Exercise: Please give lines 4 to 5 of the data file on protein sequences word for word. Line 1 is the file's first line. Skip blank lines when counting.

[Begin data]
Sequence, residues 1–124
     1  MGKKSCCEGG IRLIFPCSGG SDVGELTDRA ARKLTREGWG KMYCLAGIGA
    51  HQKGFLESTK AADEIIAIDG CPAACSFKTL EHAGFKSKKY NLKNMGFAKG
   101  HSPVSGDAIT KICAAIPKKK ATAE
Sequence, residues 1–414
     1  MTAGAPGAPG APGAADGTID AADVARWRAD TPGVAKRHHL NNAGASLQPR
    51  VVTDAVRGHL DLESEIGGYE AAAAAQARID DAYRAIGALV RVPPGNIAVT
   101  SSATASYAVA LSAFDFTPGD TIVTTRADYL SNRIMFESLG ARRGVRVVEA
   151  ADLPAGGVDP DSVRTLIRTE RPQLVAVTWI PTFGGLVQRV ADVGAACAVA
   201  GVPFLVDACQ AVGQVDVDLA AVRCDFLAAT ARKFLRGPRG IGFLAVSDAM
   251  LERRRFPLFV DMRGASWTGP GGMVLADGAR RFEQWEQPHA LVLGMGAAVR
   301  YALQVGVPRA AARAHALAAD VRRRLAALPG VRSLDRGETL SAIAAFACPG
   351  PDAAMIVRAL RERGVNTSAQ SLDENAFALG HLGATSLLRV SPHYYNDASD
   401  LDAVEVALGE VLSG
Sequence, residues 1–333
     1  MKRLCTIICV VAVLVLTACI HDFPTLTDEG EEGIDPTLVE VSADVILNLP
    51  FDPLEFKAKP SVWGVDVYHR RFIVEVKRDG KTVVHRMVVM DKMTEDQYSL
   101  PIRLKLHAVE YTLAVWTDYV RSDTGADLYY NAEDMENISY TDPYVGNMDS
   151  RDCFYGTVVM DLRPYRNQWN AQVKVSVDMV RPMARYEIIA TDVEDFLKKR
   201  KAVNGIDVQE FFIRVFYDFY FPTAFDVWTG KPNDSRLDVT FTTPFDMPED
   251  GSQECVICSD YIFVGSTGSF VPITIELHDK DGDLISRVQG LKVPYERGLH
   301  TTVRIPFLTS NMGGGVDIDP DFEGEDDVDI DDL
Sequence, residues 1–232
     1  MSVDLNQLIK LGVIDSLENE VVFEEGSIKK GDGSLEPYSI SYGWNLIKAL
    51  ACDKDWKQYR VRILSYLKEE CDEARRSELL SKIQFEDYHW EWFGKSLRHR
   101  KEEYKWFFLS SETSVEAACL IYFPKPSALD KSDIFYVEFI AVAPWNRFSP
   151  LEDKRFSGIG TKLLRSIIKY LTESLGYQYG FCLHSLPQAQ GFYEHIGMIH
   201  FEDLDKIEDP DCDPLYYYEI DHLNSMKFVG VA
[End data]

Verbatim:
   101  HSPVSGDAIT KICAAIPKKK ATAE
Sequence, residues 1–414